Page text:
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Tribute to Frank Field – by Bernard Jenkin

Frank Field: 16 July 1942 – 23 April 2024 | Image by: PA Images / Alamy Stock Photo

4 min read

A man of integrity and independence of mind, the former MP for Birkenhead changed the way we think about welfare. With over 40 years of fearless service in Parliament, we have lost one of the greatest in Frank Field

For someone who only ever was a minister of state for little more than a year, it is extraordinary how much influence Frank Field had. He changed the way we think about welfare. He became one of the MPs most recognised by the public in the street, because of the way he brought his integrity and independence of mind to bear on everything he did, along with a sharp and amused sense of life’s ironies. He always laughed a lot and was fun to be with.

It was a joy to serve under him as chair of the Social Security Select Committee in my first parliament 30 years-ago, and we quickly became firm friends. He was one of the first fearlessly to tackle the dependency culture that much of welfare had created, but not with any blame for those trapped on benefits. When a single mother came to his surgery to complain she could not afford to take employment without hiding her extra income, to avoid being worse off, he responded, “You must do what is best for your children.” Iain Duncan Smith, also a member of the committee, co-wrote a No Turning Back Group Paper, Who Benefits? with me and others, which laid the foundation thinking for Universal Credit (UC). Frank did not like UC because of his belief in more universality and less means testing, but he welcomed that UC makes work more attractive than benefits.

His committee tackled the Maxwell pensions scandal, exposed the huge unfunded state pension liabilities, and majored on pensions reform. He was eager to learn from other countries, like radicalised New Zealand, or General Pinochet’s pension reforms, which had helped to transform the Chilean economy. The BBC tried to caricature the committee’s visit to South America as some kind of freebie jaunt for MPs. They picked on the wrong guy. Frank was not keen on travelling, but he could hardly be more scrupulous with public money. They had to apologise.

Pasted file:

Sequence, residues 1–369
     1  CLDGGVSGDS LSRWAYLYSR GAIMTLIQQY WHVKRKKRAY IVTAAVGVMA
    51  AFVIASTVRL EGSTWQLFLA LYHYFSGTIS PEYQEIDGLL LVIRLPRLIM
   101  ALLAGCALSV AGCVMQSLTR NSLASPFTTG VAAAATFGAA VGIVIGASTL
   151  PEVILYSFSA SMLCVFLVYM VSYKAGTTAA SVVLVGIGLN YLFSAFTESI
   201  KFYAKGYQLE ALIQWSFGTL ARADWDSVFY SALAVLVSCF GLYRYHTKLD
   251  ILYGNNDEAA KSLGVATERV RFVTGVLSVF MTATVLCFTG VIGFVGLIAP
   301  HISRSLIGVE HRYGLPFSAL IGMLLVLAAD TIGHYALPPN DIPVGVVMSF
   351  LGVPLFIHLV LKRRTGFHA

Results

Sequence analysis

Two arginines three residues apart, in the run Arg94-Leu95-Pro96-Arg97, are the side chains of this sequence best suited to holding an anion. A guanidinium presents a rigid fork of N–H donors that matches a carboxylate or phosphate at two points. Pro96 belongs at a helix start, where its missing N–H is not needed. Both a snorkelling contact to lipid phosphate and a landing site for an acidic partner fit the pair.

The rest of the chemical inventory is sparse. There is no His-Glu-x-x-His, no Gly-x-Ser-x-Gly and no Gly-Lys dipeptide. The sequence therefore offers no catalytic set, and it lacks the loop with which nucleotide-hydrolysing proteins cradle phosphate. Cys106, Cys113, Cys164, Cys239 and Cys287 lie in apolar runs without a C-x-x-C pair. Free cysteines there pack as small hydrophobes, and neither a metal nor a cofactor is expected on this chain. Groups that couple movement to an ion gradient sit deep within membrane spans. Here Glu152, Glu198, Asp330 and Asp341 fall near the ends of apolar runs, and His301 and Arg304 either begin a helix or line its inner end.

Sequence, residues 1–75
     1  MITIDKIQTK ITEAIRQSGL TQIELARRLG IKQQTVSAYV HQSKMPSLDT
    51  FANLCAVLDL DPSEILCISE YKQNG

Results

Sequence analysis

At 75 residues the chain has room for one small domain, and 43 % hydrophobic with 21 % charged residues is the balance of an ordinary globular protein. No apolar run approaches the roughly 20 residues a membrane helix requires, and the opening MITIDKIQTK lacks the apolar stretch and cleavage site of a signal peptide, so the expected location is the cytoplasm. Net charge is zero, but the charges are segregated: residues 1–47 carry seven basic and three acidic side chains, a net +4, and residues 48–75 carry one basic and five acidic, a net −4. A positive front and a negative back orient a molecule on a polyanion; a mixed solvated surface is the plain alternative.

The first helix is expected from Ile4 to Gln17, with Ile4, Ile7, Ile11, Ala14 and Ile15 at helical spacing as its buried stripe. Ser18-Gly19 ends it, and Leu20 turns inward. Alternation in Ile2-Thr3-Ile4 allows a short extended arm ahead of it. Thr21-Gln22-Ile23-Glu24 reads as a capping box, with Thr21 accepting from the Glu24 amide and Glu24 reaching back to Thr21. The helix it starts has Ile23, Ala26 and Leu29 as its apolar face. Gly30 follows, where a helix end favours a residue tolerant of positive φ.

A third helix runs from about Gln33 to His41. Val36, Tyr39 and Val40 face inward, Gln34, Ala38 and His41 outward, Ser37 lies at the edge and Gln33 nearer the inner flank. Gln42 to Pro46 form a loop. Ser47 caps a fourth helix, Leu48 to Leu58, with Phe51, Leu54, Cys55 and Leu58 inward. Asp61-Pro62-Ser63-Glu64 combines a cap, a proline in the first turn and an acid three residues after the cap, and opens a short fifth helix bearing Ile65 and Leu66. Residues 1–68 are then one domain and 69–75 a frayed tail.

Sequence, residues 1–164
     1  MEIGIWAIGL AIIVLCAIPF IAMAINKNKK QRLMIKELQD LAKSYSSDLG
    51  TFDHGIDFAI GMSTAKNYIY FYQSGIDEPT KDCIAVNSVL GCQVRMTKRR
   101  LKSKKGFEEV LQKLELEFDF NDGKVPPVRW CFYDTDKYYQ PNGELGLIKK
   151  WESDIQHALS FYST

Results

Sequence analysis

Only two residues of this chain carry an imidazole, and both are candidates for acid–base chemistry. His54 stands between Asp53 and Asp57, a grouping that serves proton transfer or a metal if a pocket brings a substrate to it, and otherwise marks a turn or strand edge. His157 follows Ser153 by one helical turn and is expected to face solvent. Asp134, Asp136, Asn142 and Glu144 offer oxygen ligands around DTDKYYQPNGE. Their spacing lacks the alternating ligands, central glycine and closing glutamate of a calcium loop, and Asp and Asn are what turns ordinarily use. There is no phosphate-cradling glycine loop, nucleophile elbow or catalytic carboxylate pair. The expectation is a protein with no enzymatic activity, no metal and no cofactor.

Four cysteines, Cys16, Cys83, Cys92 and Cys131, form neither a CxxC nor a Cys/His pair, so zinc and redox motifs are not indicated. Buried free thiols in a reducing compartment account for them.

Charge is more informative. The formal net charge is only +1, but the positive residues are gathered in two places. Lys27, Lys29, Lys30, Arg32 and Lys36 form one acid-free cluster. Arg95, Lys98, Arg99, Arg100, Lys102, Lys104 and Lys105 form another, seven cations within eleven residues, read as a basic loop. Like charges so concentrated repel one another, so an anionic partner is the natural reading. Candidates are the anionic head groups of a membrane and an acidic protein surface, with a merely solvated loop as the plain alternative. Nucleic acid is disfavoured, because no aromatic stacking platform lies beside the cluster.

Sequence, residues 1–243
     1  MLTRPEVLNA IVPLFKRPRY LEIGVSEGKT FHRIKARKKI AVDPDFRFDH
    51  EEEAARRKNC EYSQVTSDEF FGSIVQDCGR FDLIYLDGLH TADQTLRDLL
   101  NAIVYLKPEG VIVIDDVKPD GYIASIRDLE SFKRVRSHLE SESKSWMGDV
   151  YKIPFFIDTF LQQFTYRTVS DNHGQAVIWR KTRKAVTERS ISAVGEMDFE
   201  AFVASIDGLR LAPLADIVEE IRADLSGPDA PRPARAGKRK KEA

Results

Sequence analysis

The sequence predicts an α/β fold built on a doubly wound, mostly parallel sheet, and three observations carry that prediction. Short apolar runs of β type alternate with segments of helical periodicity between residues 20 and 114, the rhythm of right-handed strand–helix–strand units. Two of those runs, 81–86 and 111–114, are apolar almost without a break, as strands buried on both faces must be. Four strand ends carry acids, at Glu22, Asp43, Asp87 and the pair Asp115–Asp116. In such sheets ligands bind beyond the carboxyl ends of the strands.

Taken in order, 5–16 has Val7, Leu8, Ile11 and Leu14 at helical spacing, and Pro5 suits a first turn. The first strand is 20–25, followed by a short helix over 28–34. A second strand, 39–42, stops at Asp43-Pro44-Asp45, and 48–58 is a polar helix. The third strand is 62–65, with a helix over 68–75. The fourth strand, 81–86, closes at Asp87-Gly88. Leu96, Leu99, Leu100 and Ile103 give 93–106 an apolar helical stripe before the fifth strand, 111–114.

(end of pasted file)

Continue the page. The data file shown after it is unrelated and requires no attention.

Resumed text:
Frank had many, diverse friends, but politically he was a loner. Though respected by many Labour MPs, he was a fish out of water in the Labour Party and too principled to make the compromises demanded by the Whitehall machine. He fell out with Tony Blair, who knew Frank should have been secretary of state and would not back his vision. On the day he resigned, I called him from the House of Commons to warn that No 10 was briefing he would be sacked, so he got his resignation in first. The final bust up with Gordon Brown was about stopping the abolition of the 10p tax rate.

Those who worked closely with him will miss him the most

He published his political memoirs, Politics, Poverty and Belief, in 2023. It's possibly true he should have been a Conservative MP, but I doubt he would have been any less of a loner on our side of the House. I took him to dinner in a Tory club in St James’. Someone exclaimed “My God! There’s a Labour MP in here!” and he retorted, “I was a Conservative but you threw me out for opposing South African apartheid.”

The Conservative he most admired was Mrs T (as he always called her). They had so much in common: a religious upbringing (though it is a myth they prayed together), ingrained with the work ethic, grammar school education, and a fierce appreciation of moral values. They were both unionists and euro-sceptics. He had no fear of her, but they got on so well because he knew how to handle her. Lobbying for his local shipyard, he wanted the prime minister to make a visit. A meeting arranged after a vote, he waited outside the government lobby. She looked at him, and then walked on. He said he asked, “Shall I just follow you?” and she had replied, “People do, you know.” He then told her “they won’t let you come because of the security problems on Merseyside”. She retorted that nothing would stop her.

Those who worked closely with him will miss him the most. Always supportive and concerned about the wellbeing of others, he took an interest in everyone – becoming a favourite for Sunday kitchen suppers with our two boys. When returning the hospitality, we found him cooking an elaborate dinner himself. He explained, “There is nothing more precious you can give to others than your time.”

Sir Bernard Jenkin is Conservative MP for Harwich and North Essex

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